We then applied the pattern-based morphological change detection (MCD) method to quantify the gain and loss area of forest cover [38]. This method captures the primary change area of loss and gain between two dates with morphological post-processing with three major steps (Figure S3): (1) identifying forest gain and loss polygons by overlaying the land cover maps; (2) determining areas with a high probability of change; and (3) reconstructing land cover change objects [38]. Using this method, we mapped the homogeneous and contiguous forest loss and gain during 7-year intervals from 2002 to 2023. We then calculated the areas of forest loss and gain as well as the annual deforestation rate. In particular, the annual deforestation rate was defined as follows [51]:
D R = 100 × [ 1 ( 1 F C t 2 F C t 1 F C t 1 ) ( 1 t 2 t 1 ) ] ,
where DR is the annual deforestation rate (in %/yr), FCt2 and FCt1 are the forest cover at both dates t2 and t1, respectively, and t2t1 is the time–interval (in years) between those two dates.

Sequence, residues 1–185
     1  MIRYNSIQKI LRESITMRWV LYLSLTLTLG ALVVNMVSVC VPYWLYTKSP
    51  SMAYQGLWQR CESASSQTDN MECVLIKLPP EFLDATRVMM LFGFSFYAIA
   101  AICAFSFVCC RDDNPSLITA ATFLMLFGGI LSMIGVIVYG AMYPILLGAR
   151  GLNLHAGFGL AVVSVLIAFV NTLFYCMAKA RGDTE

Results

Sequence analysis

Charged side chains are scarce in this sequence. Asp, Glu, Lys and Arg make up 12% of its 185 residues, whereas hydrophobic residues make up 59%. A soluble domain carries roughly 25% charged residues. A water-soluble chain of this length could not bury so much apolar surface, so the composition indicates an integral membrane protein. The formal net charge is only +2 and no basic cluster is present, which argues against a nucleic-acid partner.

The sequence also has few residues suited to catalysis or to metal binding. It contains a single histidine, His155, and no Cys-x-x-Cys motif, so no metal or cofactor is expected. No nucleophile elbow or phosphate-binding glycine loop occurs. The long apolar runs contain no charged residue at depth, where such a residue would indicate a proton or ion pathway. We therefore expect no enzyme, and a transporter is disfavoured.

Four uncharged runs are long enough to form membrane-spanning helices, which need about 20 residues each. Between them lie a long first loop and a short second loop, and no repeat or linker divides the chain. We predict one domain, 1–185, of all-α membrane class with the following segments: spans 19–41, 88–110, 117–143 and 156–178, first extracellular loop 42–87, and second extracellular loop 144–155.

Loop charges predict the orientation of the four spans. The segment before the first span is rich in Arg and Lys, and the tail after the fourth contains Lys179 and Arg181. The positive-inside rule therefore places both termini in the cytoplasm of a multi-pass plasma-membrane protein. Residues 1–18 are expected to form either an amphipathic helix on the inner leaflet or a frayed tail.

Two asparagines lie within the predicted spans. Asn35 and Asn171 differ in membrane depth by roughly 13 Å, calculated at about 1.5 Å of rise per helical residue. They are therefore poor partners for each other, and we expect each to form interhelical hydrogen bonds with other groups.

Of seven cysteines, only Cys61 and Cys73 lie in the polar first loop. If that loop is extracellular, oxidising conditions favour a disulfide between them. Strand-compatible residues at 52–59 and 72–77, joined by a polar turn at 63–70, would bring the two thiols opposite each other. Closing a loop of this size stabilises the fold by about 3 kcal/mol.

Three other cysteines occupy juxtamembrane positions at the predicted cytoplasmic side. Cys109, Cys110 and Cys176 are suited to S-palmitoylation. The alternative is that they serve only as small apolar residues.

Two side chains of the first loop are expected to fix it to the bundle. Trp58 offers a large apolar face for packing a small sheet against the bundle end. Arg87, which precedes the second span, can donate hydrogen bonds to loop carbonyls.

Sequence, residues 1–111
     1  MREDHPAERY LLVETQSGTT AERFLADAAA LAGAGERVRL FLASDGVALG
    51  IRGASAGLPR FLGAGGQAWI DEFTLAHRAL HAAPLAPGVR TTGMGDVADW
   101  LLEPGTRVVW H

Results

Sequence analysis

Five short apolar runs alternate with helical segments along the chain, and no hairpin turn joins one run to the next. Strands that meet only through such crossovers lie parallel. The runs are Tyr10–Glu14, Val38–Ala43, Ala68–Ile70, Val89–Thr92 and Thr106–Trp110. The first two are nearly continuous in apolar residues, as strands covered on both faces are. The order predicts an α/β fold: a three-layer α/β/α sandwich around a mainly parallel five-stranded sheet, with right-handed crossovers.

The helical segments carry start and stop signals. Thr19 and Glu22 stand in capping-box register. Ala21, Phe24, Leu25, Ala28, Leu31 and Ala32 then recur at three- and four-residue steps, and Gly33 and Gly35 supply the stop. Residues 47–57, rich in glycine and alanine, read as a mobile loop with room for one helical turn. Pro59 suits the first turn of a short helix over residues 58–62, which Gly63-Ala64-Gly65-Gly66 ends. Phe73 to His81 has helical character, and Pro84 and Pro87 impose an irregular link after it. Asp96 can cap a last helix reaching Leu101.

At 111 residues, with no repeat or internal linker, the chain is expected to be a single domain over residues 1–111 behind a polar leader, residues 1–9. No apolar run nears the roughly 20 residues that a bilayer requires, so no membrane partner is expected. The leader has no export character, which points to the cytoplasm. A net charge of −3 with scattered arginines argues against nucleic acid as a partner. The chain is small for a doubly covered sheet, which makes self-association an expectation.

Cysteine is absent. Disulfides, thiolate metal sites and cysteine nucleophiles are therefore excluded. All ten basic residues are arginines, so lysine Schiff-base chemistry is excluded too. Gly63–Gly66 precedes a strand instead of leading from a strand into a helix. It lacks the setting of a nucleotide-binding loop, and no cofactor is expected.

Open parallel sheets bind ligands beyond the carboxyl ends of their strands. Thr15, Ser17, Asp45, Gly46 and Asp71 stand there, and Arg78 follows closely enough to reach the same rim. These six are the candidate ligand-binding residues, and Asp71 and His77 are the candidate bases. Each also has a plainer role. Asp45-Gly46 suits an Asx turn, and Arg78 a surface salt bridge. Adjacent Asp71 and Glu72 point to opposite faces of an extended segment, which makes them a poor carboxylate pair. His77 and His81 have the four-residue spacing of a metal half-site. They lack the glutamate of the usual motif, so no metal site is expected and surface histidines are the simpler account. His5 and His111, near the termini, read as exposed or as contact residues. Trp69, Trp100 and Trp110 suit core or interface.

2.6. Fragmentation Analysis of the Forest Cover Change Pattern

After capturing the areas with primary forest loss and gain, we used FAD, a simple metric of fragmentation, as a contextual variable associated with a given forest pixel to analyze the fragmentation patterns in our study area. This metric is calculated as the percentage of forest pixels in a fixed-area neighborhood [44,52]. We calculated FAD at five measurement scales based on neighborhood sizes, including 7 pixels × 7 pixels (0.0008 km2), 13 pixels × 13 pixels (0.0028 km2), 27 pixels × 27 pixels (0.012 km2), 81 pixels × 81 pixels (0.108 km2), and 243 pixels × 243 pixels (0.969 km2), to characterize the forest fragmentation for the years of 2002, 2009, 2016, 2017, 2018, and 2023.
We then classified the FAD values into six classes, including rare (density <10%), patchy (≥10%), transitional (≥40%), dominant (≥60%), interior (≥90%), and intact (100%), to describe the fragmentation patterns (Table 3) [44]. Since our study area is relatively small, we re-defined the thresholds for the rare (<20%) and patchy (≥20%) classes. Different FAD ranges were then labeled as high (0–19%), medium (20–89%), and low (90–100%) fragmentation levels based on the FAD values within the neighborhood (Table 3).